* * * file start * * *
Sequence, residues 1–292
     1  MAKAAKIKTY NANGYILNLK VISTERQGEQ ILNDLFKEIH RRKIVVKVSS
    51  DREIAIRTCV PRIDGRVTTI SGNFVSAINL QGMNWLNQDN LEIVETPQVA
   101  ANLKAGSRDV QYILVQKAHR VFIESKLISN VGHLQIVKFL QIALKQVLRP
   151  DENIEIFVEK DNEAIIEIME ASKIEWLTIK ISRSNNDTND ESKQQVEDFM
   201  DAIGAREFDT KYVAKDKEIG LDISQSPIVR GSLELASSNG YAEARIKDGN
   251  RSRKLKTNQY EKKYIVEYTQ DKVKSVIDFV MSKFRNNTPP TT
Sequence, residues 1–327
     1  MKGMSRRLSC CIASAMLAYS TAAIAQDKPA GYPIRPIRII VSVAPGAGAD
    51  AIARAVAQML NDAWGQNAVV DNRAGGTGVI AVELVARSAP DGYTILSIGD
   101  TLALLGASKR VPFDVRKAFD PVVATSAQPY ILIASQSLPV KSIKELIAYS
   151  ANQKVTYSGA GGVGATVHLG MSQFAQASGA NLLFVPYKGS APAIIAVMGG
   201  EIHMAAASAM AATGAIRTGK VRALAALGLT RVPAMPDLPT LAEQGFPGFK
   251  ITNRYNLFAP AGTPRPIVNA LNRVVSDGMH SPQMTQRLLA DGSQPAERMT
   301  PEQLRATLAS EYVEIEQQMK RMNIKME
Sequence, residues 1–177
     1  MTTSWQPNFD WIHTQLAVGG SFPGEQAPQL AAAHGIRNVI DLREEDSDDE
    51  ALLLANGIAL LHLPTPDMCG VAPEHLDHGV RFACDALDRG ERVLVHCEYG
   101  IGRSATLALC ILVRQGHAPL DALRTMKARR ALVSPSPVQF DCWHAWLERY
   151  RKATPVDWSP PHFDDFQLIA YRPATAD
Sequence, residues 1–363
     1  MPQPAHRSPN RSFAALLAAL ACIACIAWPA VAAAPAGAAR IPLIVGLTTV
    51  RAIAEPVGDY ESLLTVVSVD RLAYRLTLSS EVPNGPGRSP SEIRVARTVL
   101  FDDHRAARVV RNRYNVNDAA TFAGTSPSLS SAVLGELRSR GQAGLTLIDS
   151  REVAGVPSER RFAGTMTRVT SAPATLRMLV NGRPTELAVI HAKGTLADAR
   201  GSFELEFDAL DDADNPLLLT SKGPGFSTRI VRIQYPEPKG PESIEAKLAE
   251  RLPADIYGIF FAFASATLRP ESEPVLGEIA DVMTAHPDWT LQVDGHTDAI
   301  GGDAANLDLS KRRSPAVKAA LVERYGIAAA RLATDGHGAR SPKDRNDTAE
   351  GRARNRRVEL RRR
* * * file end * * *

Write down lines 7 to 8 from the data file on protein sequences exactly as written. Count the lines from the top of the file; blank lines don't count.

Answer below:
   251  RSRKLKTNQY EKKYIVEYTQ DKVKSVIDFV MSKFRNNTPP TT
Sequence, residues 1–327